I sincerely hope you have fun brunch plans this weekend because Sunday is Galentine’s Day! In case you haven’t seen Parks and Recreation in a while (reasonable, since they took it off Netflix a while back) here’s a refresher: according to one Leslie Knope, it’s “ladies celebrating ladies. It’s like Lilith Fair, minus the angst. Plus frittatas.” In the spirit of strong female friendship, here are some iconic literary duos to emulate over mimosas.
Fiona and Jane in Jean Chen Ho’s Fiona and Jane
How many of us are still close to our elementary school best friends? The eponymous Fiona and Jane in Jean Chen Ho’s new novel have managed to stay in each other’s lives for decades. Fiona is the one who leaves, moving to New York City to care for a different friend while Jane stays in California to grieve her father’s death. From second grade to sneaking into bars to moving away and coming home, Fiona and Jane captures the ebb and flow of female friendship. Something that’s really difficult about writing about friends is capturing all the things that are left unsaid. Jean Chen Ho manages to get the intimacy and resentment and love just right.
Elf and Yoli in Miriam Toews’ All My Puny Sorrows
There’s no female friendship quite like the one between sisters. Raised in a Mennonite household, Elf and Yoli lead completely opposite lives when we meet them in this story. Elf is a famous pianist, rich and happily married but with a desire to end her life; Yoli, by contrast, is navigating a divorce and desperately trying to keep her family together. Never in the history of literature has the nuance of such a relationship been described so perfectly. What is most striking about their bond is the way it has us laughing and crying all at once. Something to hang onto: in Elf’s hospital room, they’re talking about their plans to run away and live in the countryside, where they can “chop wood, pump water, fish, play the piano, sing together from the soundtracks of Jesus Christ Superstar and Les Miserables, re-imagine our pasts, and wait out the end of the world.”
Alice and Eileen in Sally Rooney’s Beautiful World, Where Are You
In case you’ve been living under a rock: Sally Rooney’s latest novel circles around four friends. The connective tissue here is the friendship between Alice (a somewhat reclusive novelist who is getting into a whirlwind romance with a man she’s just met) and Eileen (currently recovering from a break-up and fanning up old flames). They haven’t seen each other in quite some time, which is definitely a point of conflict. (They’re not without their problems!) Although they hardly ever share a scene together, between sections, we are privy to their letters. These epistolary bits are, in my opinion, some of the most interesting and beautifully written in the novel, accurately pinning the fears and hopes whispered between old friends to the page. I wish more of my faraway friends would write me long, discursive emails (hint hint).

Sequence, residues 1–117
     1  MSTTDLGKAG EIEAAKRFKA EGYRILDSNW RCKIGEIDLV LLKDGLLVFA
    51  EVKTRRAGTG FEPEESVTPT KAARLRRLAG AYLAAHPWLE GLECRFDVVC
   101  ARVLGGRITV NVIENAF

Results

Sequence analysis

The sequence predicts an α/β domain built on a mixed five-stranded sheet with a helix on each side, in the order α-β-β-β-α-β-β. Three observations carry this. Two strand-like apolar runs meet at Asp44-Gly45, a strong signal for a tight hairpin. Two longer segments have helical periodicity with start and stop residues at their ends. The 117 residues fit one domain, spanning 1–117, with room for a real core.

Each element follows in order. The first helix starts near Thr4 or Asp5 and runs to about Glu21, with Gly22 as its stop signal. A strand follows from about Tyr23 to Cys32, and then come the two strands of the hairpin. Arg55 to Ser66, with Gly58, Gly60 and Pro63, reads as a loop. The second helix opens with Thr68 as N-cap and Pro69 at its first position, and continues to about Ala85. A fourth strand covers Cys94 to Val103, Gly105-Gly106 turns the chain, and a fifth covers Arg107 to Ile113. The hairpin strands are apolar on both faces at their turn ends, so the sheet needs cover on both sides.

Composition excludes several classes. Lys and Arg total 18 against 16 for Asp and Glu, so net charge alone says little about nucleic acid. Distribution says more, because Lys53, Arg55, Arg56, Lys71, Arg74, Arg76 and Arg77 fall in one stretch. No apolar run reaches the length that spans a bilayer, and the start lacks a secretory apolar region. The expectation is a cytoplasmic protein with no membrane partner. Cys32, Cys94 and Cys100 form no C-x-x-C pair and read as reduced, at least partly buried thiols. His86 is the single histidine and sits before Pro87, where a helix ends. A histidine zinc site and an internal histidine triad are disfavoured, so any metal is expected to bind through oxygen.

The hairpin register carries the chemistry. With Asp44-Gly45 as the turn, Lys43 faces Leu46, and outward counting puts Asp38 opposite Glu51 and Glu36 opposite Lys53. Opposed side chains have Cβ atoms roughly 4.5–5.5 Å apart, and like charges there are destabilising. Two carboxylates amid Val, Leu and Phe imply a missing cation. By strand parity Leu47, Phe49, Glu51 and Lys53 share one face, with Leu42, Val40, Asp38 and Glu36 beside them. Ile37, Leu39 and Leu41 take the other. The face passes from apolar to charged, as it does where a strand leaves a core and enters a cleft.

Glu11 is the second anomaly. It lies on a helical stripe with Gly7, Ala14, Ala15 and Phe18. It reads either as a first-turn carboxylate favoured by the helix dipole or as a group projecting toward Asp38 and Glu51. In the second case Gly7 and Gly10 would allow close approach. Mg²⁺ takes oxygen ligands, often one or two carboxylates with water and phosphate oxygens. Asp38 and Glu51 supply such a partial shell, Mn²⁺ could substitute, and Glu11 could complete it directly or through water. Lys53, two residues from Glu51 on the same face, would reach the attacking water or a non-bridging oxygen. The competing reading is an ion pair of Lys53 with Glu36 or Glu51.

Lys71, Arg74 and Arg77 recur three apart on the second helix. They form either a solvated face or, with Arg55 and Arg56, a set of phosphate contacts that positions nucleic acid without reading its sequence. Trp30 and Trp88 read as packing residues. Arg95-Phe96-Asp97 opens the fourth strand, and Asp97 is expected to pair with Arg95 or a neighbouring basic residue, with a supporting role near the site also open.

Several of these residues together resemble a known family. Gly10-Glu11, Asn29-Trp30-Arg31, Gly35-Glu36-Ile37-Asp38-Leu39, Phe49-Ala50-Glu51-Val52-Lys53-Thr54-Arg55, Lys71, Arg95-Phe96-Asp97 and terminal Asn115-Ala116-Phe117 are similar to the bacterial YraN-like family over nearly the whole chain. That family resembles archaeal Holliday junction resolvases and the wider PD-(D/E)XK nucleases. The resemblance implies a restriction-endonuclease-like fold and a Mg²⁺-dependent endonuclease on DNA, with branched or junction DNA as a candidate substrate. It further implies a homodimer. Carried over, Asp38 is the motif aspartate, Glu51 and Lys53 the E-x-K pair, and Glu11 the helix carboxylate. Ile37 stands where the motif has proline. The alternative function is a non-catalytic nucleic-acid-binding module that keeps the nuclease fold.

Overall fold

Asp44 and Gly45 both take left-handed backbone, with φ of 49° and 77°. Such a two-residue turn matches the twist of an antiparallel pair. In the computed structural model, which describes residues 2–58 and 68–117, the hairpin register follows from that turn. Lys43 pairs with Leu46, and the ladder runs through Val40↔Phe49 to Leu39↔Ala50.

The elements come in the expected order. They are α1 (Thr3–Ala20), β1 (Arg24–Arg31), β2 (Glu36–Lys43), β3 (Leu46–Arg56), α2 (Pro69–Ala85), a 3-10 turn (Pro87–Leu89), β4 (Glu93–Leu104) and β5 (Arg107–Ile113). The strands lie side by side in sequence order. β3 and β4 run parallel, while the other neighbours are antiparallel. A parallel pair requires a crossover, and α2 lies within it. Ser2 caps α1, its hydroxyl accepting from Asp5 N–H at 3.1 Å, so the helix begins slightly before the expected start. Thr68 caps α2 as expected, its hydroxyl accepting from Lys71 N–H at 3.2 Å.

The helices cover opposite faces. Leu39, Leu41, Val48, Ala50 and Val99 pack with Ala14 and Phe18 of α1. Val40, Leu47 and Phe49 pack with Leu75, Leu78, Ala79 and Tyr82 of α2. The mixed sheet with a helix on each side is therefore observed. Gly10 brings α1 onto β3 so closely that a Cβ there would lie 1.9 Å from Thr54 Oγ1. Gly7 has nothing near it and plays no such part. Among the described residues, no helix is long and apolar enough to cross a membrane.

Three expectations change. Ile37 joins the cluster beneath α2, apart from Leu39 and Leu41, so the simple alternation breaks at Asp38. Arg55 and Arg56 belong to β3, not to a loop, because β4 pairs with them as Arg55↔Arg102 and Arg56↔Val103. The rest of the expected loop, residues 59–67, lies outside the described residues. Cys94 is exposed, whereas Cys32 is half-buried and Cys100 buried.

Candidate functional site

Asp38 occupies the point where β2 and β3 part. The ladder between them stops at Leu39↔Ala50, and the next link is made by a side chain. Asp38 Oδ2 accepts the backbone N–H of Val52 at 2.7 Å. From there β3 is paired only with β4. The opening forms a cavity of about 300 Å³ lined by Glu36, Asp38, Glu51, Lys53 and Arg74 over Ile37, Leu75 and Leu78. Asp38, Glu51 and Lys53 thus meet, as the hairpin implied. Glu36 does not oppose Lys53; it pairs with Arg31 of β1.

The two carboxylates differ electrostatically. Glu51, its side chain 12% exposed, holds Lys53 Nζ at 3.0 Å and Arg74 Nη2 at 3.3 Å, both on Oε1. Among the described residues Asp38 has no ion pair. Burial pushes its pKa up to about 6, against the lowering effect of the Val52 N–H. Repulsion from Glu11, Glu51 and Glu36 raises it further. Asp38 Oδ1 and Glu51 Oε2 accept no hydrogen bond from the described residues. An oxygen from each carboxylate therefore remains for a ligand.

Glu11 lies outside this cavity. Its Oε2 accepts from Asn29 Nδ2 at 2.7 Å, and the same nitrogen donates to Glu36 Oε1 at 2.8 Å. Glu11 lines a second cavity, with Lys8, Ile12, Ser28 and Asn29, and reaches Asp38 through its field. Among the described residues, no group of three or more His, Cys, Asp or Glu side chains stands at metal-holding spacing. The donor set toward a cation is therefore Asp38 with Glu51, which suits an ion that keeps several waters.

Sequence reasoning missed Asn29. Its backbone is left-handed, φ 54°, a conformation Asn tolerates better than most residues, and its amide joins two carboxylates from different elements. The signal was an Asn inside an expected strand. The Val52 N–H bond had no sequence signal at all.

Casey and Muriel in Lily King’s Writers & Lovers
Writers & Lovers follows 31-year-old Casey, waiting tables by day and clinging to her artistic aspirations by night. It doesn’t help that she’s fallen for two very different men, who draw her further into life’s confusions and distract her from her work. But the best relationship in this novel, in my humble opinion, is the one between the narrator and her friend, Muriel. “I have one writer friend left who’s still writing.” That’s how we’re introduced. Although she’s not necessarily one of the central characters in this novel, Muriel is arguably one of the most important. We all need that friend—the one who badgers us about finishing our novels, the one who cheers us on the whole way through.
Bridget, Lena, Tibby, and Carmen in Ann Brashares’ The Sisterhood of the Traveling Pants
The original book of female friendship! It’s been fifteen years since I’ve read this series, but I honestly think of these fun ladies often. Divergent in their interests and personalities, they were like road maps to a younger generation: will you be wild and brave like Bridget or shy and artistic like Lena? Will you dance to the beat of your own drum like Tibby or be hardworking and stubborn like Carmen? They were a way for us to define ourselves and a model for how we should be with one another. As someone who grew up at the edge of Brooklyn, where you have to commute like an hour to see any of your friends, the way they floated in and out of each others’ houses in suburban Maryland always seemed like an unattainable dream to me, one that implied a kind of familial closeness to strive for in female friendships. Years later, in college, my housemates and I were reminiscing and googled the books only to find that Ann Brashares had written a fifth book, killing off one of the major characters; it ruined our night, and we did not go to the party as originally planned. That’s how upset we were. That’s how real they were to us.